Brock Turner – Privilege or Prison?

file_000-3

By, Gavin Kelleher | Writer

September 28, 2016

On January 18th of last year, Brock Turner, a 20-year-old Stanford student, was arrested after two cyclists discovered him behind a dumpster on top of an unconscious woman. After one year of trials, the Palo Alto jury found Turner guilty of three felony counts:  assault with intent to commit rape of an intoxicated or unconscious person, penetration of an intoxicated person, and penetration of an unconscious person.brock_turner

In theory these should have landed him around six years in jail without the option of bail.  However, Judge Persky, the judge presiding over Turner’s case, sentenced him to only six months, claiming a longer sentencing would have a “severe impact” on Turner’s life and that Turner’s crime was “less serious” than other sexual assaults due to his intoxication.

On September 2nd of this year, the Santa Clara County Jail released Brock Turner after a meager three months, creating an uproar throughout the nation. In our own community, San Clemente high school students have expressed their frustration with this case. Sophomore Analea De Varona stated this situation to be “completely disgusting” as she has been following the progression of the Turner case. “He’s getting off with a pathetic three months for a federal crime…What’s worse is now he’s going to go visit colleges around the country, and talk to people about underage drinking and ‘promiscuity’, as if somehow that gives someone the right to have sex that isn’t consensual!” DeVarona said.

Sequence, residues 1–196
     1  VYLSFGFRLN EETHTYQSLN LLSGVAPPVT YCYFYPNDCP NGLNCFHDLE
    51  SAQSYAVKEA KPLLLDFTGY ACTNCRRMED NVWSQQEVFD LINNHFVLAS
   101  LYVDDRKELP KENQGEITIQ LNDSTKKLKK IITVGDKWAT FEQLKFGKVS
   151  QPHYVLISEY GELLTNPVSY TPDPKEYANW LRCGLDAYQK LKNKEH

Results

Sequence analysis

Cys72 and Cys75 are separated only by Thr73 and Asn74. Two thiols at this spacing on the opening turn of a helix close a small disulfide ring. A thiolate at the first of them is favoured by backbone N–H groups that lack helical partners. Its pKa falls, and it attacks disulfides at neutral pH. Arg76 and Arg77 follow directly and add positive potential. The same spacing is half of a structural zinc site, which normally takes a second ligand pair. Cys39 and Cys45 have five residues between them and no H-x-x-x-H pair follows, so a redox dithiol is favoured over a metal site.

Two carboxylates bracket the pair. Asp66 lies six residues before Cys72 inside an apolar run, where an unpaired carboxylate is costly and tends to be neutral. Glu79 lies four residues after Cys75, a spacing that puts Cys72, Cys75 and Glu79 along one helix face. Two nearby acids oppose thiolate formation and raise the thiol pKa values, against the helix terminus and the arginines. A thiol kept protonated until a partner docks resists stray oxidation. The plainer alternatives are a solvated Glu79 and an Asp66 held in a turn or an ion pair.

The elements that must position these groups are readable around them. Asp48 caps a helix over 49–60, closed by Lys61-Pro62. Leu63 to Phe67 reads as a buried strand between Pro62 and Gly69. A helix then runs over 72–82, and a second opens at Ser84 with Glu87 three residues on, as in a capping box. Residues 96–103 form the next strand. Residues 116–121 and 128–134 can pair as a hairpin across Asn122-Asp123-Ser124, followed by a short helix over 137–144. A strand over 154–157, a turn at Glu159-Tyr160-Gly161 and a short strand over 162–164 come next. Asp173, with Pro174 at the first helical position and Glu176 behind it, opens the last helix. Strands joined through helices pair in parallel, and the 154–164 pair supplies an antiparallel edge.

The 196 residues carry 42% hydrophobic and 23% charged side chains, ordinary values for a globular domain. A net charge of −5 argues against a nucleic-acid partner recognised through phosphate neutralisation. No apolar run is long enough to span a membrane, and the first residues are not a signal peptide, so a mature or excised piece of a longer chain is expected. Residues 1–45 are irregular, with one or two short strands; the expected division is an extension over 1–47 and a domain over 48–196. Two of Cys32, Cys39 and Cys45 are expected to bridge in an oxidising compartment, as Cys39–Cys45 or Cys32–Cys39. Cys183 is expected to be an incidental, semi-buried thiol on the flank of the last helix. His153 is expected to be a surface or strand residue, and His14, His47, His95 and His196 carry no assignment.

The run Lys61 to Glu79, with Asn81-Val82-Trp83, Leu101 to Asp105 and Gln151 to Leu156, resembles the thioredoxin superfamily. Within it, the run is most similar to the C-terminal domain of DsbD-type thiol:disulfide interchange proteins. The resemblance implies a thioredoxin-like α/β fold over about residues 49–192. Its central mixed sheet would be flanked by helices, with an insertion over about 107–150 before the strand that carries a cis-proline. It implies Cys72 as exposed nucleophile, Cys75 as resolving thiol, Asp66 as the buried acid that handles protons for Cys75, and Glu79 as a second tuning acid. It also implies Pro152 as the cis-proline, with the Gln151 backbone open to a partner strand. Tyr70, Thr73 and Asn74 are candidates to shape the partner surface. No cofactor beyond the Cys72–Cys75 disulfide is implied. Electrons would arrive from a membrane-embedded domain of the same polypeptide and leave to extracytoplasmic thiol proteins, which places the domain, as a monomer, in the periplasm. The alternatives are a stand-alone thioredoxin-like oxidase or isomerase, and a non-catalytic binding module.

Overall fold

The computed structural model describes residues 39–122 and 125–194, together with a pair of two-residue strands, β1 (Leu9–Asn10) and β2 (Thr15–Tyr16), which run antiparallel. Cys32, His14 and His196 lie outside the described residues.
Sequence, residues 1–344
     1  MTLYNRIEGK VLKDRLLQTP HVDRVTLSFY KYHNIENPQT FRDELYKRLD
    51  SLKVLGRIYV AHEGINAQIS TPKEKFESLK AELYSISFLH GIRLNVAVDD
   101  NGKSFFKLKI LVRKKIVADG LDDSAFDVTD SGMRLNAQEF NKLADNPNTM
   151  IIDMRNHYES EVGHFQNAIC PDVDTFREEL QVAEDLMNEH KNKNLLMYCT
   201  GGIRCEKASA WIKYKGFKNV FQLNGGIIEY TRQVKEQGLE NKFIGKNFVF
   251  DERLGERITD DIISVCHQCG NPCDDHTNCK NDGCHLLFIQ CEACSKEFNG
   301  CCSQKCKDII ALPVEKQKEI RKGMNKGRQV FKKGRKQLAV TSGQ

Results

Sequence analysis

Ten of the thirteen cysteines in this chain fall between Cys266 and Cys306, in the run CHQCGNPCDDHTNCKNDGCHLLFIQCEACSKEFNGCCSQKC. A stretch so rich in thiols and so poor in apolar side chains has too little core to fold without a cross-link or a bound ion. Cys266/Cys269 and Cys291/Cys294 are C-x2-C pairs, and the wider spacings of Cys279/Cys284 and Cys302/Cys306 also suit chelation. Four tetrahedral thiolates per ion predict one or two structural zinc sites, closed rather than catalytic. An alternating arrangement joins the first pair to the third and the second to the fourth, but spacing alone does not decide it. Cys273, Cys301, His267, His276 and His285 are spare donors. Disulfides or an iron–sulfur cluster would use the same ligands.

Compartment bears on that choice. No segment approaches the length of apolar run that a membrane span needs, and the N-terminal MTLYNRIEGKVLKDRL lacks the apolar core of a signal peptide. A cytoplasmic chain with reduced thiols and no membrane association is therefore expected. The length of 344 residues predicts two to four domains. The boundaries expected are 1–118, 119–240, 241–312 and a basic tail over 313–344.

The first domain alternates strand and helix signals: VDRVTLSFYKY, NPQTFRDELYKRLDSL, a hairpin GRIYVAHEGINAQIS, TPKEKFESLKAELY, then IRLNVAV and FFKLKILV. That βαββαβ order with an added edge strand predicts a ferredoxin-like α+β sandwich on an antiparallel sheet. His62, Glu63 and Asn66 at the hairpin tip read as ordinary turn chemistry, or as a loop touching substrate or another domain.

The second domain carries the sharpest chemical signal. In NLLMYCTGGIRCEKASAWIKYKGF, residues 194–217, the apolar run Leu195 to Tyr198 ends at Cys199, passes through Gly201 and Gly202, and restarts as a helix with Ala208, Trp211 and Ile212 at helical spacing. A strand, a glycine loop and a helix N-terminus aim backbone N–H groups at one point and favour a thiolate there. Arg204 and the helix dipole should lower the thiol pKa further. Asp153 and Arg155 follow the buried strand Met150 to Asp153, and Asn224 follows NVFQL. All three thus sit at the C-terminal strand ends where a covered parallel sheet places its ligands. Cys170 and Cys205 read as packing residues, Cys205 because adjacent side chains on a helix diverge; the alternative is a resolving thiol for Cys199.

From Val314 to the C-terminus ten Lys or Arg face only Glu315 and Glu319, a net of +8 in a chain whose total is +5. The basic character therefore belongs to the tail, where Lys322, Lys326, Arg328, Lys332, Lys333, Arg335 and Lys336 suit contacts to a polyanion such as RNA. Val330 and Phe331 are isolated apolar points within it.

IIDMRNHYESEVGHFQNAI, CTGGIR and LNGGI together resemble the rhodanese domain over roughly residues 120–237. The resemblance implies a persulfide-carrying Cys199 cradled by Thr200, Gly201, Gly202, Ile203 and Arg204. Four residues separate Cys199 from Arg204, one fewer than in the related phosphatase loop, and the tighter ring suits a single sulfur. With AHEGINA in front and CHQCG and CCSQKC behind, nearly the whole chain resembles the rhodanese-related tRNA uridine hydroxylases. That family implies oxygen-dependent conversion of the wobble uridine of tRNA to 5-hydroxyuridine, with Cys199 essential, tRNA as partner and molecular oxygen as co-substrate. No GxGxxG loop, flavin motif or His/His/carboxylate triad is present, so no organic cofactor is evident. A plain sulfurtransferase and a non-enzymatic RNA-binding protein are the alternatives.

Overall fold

Judge Persky’s leniency has created a wave of outrage.  Many people are uniting in protest and demanding Persky be removed from his position. By asserting that Turner’s six year punishment would have been “too serious,” he forges an air of sympathy around Turner while diminishing the trauma experienced by the victim. In doing so, Judge Persky acts as a rape apologist by spreading the idea that the rapist is the victim and by completely disregarding the young woman who will forever be affected by this act. Today’s world sees many more cases like this than one realizes. Campus history can count many injustices in which women are pushed aside and in which sympathy towards a male– most often a white male of high stature–manifests.

The concept of rape, on a very basic level, is sex without consent. People, however, commonly misconstrue consent, especially when regarding rape and sexual assault, believing such crimes to be committed only by “very bad people” who exist in society but are inconsequential to the masses. Many people, specifically a considerable number of men, do not understand the pressing fear ingrained in young girls from a young age. Society disregards the prevalence of rape when, in reality, one in three girls have been or will be sexually assaulted. This statistic is very real, yet rape culture hides behind a curtain of perceived myth.

Consent is, simply put, saying “yes”–a fully conscious yes,” a “yes’ while in a sober state.  It is not consent when one party is at all intoxicated.  It is not consent with any amount of coercion–either physical or emotional. To question whether Turner’s case could really even be considered “sexual assault” is baffling to many, yet somehow the perceived meaning of consent has become a key factor in his sentencing.